Due to the COVID-19 situation all routine appointments are cancelled for the foreseeable future.

However, if you require spares or repairs please phone, text or email on yais.helpline@bthft.nhs.uk and we will endeavor to help. Medical emergencies remain the same; ring the main YAIS number and we will help. There is information for an out of hours service on this number also.

The operation

The cochlear implant operation is performed under a general anaesthetic, which means the patient will be asleep.

This is what happens during the operation itself.

  • a small area of hair behind the ear may be shaved – this will grow back later
  • a cut is made behind the ear
  • a small bed is drilled in the bone to fit the implant
  • the electrode array is placed in the cochlea and is tested to make sure it is working
  • the opening in the skin is then sewn up using dissolvable stitches.

Antibiotics are given just before and for a day after surgery to reduce the chance of infection. Before going home, an X-ray is used to check the position of the implant.

The stay in hospital is usually just over night. It is advised that the adult does not attend work for two weeks following the operation. This may vary according to the adults individual work environment.

 After The Operation

Nucleus BTE speech processor,microphone and coil with image of internal part







Potential Risks/Complications to be considered by Parents and Adults

A cochlear implant is a sophisticated hearing aid requiring an operation. This procedure is considered to be very safe, but as with any other surgical process, there are certain associated risks and complications.  Prior to cochlear implant surgery it is important to be fully aware of the following:


  • Infection is possible but antibiotics are given to reduce this potential problem.
  • Facial nerve weakness rarely occurs as the nerve function is monitored during surgery.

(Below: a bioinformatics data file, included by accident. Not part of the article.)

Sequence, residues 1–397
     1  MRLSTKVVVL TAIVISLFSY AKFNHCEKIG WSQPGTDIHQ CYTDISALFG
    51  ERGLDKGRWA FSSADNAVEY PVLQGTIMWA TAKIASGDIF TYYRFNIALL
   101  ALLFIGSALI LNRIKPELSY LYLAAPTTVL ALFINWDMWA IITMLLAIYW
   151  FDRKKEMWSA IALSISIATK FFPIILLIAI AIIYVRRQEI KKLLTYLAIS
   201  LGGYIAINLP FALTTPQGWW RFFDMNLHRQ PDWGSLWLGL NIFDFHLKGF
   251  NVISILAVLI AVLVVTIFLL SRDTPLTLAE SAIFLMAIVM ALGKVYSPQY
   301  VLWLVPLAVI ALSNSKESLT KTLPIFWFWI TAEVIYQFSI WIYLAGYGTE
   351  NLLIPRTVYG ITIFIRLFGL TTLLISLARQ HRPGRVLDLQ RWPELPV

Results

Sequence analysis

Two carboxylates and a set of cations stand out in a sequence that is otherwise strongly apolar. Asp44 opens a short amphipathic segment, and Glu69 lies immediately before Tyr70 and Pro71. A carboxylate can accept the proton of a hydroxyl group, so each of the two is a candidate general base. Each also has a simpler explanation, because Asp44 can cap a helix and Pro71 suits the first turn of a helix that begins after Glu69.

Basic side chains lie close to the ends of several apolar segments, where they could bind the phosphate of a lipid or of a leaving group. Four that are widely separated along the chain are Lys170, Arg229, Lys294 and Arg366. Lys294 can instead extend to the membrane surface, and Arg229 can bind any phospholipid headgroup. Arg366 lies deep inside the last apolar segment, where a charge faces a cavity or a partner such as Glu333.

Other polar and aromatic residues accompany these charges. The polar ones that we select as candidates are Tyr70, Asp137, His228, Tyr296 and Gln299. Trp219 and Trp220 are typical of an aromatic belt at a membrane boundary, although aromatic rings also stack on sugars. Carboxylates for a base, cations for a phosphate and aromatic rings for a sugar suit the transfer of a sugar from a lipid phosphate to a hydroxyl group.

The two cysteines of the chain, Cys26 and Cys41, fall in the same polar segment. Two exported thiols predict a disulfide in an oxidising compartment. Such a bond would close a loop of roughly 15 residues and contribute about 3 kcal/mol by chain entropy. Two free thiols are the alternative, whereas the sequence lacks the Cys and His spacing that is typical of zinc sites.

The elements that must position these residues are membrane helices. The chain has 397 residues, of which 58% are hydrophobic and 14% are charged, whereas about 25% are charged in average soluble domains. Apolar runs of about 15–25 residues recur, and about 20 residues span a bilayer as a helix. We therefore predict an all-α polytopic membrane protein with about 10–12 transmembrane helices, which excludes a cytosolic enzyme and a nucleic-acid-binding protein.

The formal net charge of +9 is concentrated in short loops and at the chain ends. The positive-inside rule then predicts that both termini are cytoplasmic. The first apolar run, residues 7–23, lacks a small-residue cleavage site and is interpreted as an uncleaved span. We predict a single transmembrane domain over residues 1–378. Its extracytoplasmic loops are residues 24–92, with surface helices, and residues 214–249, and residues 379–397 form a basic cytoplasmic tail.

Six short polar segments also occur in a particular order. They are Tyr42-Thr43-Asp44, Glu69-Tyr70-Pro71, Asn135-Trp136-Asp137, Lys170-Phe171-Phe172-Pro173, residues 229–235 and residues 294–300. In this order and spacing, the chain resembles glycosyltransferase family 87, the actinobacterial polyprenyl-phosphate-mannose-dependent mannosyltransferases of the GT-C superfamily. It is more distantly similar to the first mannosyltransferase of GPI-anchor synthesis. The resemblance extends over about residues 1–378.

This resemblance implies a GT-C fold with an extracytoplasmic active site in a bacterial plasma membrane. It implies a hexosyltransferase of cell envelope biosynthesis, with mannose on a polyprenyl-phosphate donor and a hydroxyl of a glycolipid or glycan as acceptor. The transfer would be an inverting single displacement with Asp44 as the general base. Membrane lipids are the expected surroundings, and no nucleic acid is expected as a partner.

• Balance disturbance and tinnitus are problems which some patients already have.  Any balance problems or tinnitus related to surgery should soon settle.
  • Taste can be affected temporarily.
  • Device failure or trauma can occur.  If this does happen, re-implantation will be offered.
  • If you should ever need to have a MRI scan always contact the Cochlear Implant Service, as special precautions must be taken.

There are also risks associated with anaesthesia which should be discussed at your pre-operative assessment.


There are limitations on certain activities which could damage or move the device, for example sports such as rugby, boxing or squash.  Swimming is possible if the external parts of the cochlear implant are removed.


Limitations Following a Cochlear Implant Operation:

 Following the operation, you will be given an identity card listing the precautions which should be taken.  A letter for airport and air travel safety will be issued upon request.


 Safety Guidelines from the cochlear implant manufacturers are available to view on the British Cochlear Implant Group (BCIG) website: www.bcig.org.uk

Please refer to these guidelines for further information.


 After Care

Can a cochlear implant really change your life? 60 adults receiving cochlear implants were asked to complete a questionnaire once before their implant and then one year afterwards to examine the impact on their lives. The results are interesting.

Chris PatientConfidence, relaxation and independence all show improvement from pre-implant to one year or more post- implant. Negative factors associated with deafness such as isolation and embarrassment show improvement in that these decrease post-implant.

In terms of speech perception as measured by nationally recognised test materials used pre- and post- implant, results show that speech perception with lip-reading improves greatly post-implant for most adults. Some adults are able to understand speech without the need for lip-reading.

Use of Cochlear Implant 94.5% of those responding to the questionnaire used their cochlear implant for eight or more hours a day and 5.5% use their cochlear implant for four to eight hours a day. None of the respondents use their cochlear implant for less than four hours a day.

Limitations to Use There are limitations on certain activities that could damage or move the implant eg rugby, boxing and squash. However, swimming is possible if external parts are removed.
There are other precautions to be aware of and users can find more information on the BCIG website at www.bcig.org.

Implants and Tinnitus A The degree of relief from tinnitus will depend on individual circumstances. However, many implant users find that the implant and the sounds it produces substantially mask the tinnitus, but this will depend on individual circumstances.